The California Energy Commission (CEC) is funding a new project that will use bidirectional electric bus charging to support a first-of-its-kind vehicle-to-building (V2B) resilience hub in Oakland.

The project will use stored energy from zero-exhaust-emission NFI buses operated by AC Transit. It also marks the first time that a US transit agency will use a hydrogen vehicle for V2B backup power.

This power will be used to provide filtered air conditioning at the West Oakland Public Library in the event of unhealthy heat or smoke conditions to create a public shelter during emergencies and outages.

V2B Oakland
The project will use stored energy from zero-exhaust-emission electric transit buses to provide backup power for Oakland residents
Jason Hanlin, Director of Technology Research at CTE said:

Initiating the first community resilience hub powered by a bidirectional V2B charging system has been an incredible journey. By bringing together leading-edge technological innovation and sustainability, we are able to offer much needed emergency response benefits for both transit agencies and communities. For a project with so many key players, we are excited to apply CTE’s proven project management approach to usher this novel project from concept to fruition.

The pilot study is known locally as ‘V2B Oakland’ and will be conducted by a team comprised of the Center for Transportation and the Environment (CTE), The Mobility House, AC Transit, New Flyer, Schneider Electric, City of Oakland and WOEIP.

Each battery electric bus will provide six hours of backup power, while each hydrogen fuel cell-electric bus will provide up to 11 continuous hours.

Electric buses are well-suited for backup power and emergency relief because of their energy storage capacity, independent mobility, and ability to be quickly dispatched.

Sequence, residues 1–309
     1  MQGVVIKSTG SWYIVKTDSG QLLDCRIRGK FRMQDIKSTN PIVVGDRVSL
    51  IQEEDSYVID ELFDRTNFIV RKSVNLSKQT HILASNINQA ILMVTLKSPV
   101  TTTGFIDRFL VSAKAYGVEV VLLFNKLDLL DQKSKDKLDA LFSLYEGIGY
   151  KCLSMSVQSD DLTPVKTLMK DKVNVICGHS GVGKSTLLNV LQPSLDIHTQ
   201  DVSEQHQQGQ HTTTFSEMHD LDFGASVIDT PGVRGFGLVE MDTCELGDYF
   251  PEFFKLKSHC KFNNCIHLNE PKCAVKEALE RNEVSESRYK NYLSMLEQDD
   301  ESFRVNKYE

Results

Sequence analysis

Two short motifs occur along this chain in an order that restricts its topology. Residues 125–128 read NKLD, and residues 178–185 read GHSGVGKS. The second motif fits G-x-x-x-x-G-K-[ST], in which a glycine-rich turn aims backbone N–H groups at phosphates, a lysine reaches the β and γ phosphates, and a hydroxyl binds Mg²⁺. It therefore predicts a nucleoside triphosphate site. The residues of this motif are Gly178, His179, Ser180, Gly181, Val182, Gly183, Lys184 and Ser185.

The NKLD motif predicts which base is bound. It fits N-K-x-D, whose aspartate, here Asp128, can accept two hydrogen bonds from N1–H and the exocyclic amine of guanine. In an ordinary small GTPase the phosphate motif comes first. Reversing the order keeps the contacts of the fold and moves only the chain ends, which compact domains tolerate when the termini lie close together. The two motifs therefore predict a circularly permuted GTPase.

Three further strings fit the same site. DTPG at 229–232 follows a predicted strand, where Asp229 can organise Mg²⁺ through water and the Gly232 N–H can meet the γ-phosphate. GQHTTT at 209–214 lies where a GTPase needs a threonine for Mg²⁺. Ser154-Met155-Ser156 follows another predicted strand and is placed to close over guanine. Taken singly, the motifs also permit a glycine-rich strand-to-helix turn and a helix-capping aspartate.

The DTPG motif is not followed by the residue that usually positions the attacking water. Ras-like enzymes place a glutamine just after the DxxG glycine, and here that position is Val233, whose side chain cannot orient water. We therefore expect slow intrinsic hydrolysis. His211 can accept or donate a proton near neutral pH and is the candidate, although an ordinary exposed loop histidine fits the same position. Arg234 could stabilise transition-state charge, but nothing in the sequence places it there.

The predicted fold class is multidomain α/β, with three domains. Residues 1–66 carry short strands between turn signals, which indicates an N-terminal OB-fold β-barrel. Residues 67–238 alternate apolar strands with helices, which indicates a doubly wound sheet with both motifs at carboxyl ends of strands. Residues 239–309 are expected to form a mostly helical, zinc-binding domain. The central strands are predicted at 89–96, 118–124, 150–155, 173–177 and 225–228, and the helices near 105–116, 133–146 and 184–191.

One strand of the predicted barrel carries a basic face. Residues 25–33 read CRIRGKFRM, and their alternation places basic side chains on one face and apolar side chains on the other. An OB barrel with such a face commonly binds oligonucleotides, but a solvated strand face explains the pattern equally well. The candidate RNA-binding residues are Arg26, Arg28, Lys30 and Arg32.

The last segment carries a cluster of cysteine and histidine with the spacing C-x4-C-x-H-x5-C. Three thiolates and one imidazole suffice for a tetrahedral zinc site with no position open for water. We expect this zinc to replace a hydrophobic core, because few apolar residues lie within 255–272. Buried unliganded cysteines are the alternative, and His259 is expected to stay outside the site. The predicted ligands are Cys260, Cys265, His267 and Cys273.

Compared to diesel generators, bus exportable power supply (BEPS) provides quicker response times, avoids emitting harmful pollutants, can be more cost-effective, and increases the value of procuring zero-exhaust-emission vehicles and chargers.

Paul Soubry, President and Chief Executive Officer, NFI said:

NFI is proud to work with AC Transit and our other partners on this exciting project that enables our vehicles to act as generators supporting resiliency and emergency preparedness. This platform, the first vehicle-to-everything fuel cell-electric bus in the world, will change the game for electric propulsion technology and will vastly expand the capabilities and utility of our mobility solutions.

The backup power system, which combines BEPS technology with bidirectional chargers and smart software, will be integrated and tested at NFI’s Hayward facility. It will then be deployed at an AC Transit bus division and the Oakland Library.

The infrastructure is expected to be installed by mid-2023, and the demonstration, analysis, evaluation and knowledge transfer will continue until July 2025.

The project is backed by 3.2 million USD in funding from CEC’s Electric Program Investment Charge programme, as well as a combined 400,000 USD in funds contributed by West Oakland Environmental Indicators Project (WOEIP) and AC Transit.


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